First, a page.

Spooning Heals ;) – Weekly Challenge
Dr. Goulston once said, “I have become convinced that our skin has a memory separate from our minds – of good touch, bad touch and no touch. There is not enough good touch in the world, and too many people walk around settling for no touch, in an effort to avoid bad touch.”
Teaching yoga has taught me quite a bit about reading people. Sometimes when I walk over to offer a gentle adjustment to a student I can feel them pull away before I even touch them. They are shying away from the touch and sometimes I won’t push the issue with them, but, offer spoken support instead, but, most of the time, I will continue with offering the adjustment and gentle touch. I can usually feel this amazing amount of stress and tension initially and then, feel it melt away from them. They realize that I’m not there to hurt them and that having the support of a teacher can be really nice. And, a safe place to be. I’ve even had students come up to me after class, in tears, thanking me because they haven’t been “touched” in a very long time.
We are all connected. I can feel your stress even if you are trying very hard to hide it and I think a lot of other people can too. Maybe you don’t realize what you are feeling is someone else’s stress… maybe the stress of another country that is suffering… but, we can and we do.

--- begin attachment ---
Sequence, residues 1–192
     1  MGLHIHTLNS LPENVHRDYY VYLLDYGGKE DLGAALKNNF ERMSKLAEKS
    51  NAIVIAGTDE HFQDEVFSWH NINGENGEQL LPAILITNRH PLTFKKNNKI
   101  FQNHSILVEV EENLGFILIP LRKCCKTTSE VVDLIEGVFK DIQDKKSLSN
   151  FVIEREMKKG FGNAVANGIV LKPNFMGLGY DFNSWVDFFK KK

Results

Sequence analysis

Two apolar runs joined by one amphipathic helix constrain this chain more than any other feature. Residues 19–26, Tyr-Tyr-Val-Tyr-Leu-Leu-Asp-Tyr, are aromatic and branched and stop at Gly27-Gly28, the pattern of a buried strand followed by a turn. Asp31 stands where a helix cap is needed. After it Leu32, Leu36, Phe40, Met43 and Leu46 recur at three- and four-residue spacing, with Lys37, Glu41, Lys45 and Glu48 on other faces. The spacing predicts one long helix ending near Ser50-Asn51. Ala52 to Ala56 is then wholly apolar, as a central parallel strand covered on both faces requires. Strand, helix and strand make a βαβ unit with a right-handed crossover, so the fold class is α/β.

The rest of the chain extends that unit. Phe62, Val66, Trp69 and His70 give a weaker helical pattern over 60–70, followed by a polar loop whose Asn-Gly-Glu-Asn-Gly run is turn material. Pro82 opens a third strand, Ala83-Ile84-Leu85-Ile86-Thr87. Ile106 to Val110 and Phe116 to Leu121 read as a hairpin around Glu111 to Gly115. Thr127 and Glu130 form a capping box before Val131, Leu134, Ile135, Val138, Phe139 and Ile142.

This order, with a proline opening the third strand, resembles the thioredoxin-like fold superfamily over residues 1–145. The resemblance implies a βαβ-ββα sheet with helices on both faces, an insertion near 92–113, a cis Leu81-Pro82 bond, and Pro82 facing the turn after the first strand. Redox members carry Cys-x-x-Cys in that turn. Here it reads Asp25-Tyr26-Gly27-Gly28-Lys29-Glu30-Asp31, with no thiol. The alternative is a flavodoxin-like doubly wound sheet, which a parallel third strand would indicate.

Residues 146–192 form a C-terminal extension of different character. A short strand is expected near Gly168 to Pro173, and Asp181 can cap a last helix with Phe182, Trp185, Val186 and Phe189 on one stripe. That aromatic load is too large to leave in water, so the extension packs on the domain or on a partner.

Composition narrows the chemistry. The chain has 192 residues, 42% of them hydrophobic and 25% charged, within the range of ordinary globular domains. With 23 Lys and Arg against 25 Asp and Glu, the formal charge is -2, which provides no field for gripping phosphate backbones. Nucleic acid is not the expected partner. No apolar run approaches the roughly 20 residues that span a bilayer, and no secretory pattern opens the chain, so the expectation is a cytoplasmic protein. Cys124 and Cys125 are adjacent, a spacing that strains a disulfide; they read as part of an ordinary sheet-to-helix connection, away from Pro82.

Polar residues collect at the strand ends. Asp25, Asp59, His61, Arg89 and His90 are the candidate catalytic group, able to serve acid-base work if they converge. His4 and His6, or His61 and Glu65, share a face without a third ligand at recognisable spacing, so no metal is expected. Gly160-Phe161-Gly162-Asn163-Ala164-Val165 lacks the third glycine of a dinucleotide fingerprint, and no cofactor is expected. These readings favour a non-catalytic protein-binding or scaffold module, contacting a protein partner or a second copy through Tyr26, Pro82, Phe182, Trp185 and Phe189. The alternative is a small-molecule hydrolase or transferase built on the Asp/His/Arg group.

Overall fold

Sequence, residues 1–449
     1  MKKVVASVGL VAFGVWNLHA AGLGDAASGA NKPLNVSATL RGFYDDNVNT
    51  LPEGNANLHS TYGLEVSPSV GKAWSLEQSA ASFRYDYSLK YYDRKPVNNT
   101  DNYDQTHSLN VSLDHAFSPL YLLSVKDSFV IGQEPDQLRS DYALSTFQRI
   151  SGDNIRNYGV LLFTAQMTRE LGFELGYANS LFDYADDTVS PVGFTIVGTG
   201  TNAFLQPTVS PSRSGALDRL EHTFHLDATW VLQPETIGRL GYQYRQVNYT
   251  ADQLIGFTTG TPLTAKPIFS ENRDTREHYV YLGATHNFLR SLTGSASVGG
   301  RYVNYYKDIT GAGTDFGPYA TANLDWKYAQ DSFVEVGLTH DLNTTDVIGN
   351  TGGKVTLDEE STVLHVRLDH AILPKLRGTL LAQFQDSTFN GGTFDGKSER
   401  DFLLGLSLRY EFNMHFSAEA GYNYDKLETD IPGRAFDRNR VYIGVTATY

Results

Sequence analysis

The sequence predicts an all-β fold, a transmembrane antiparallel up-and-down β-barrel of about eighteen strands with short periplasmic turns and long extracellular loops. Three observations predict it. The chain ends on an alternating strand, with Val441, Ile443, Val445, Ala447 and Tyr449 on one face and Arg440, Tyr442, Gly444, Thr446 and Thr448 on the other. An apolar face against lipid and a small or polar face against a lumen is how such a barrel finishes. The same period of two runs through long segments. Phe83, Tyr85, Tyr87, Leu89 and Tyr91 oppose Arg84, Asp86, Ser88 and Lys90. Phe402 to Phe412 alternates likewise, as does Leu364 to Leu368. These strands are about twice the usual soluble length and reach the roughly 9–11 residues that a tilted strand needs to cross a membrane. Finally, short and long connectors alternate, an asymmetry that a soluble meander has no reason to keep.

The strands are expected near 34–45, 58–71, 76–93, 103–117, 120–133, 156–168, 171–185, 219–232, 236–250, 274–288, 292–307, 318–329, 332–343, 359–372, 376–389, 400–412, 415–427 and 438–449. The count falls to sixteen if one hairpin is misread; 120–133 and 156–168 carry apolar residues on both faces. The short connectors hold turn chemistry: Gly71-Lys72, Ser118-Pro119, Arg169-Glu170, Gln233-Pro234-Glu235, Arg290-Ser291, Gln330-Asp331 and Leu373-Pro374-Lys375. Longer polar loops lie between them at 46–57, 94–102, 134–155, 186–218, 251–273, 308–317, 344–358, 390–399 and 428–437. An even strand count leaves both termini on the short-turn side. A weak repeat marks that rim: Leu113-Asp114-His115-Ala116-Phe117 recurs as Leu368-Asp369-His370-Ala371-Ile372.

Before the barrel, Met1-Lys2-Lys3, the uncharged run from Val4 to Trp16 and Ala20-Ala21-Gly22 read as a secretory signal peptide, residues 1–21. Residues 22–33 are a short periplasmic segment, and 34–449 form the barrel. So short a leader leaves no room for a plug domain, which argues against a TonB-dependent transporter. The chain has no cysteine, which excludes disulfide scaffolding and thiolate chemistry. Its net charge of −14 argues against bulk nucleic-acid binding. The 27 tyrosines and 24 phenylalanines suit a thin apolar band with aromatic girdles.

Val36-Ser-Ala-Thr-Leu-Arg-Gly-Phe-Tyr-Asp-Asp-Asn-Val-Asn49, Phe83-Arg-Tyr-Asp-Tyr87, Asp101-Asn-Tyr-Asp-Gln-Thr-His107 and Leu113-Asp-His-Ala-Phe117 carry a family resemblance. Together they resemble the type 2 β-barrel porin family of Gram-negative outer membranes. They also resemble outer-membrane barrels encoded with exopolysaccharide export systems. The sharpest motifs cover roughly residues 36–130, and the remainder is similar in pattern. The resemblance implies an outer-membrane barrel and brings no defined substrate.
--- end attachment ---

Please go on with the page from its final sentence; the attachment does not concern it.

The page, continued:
So, to counteract some of the negativity going on in the world today, I thought it might be good to work on something we all could use more of… HUGS! (I love hugs)
Health.com (http://www.health.com/health/) has a great article on hugging it out and I will include their suggestions in this blog 🙂 There is so much research on hugging and what happens and even shirts that you can buy that will simulate hugging! I haven’t tried it myself, I’m not sure I want my shirt to be that tight. I’d hate to get the urge to get away from the ‘hugging shirt’ in the middle of the mall. News Flash: “Crazy Women Strips Down to Her Bra While Stomping On Shirt Yelling ‘NO MORE HUGGING!!’.” Yeah…..
Getting a hug from someone you care about (even a little) feels good 🙂 It releases cortisol and lowers blood pressure. Fights anxiety and encourages happiness and a sense of calm. So, just what can a hug or gentle touch do for you, let’s find out 🙂
Get a rubdown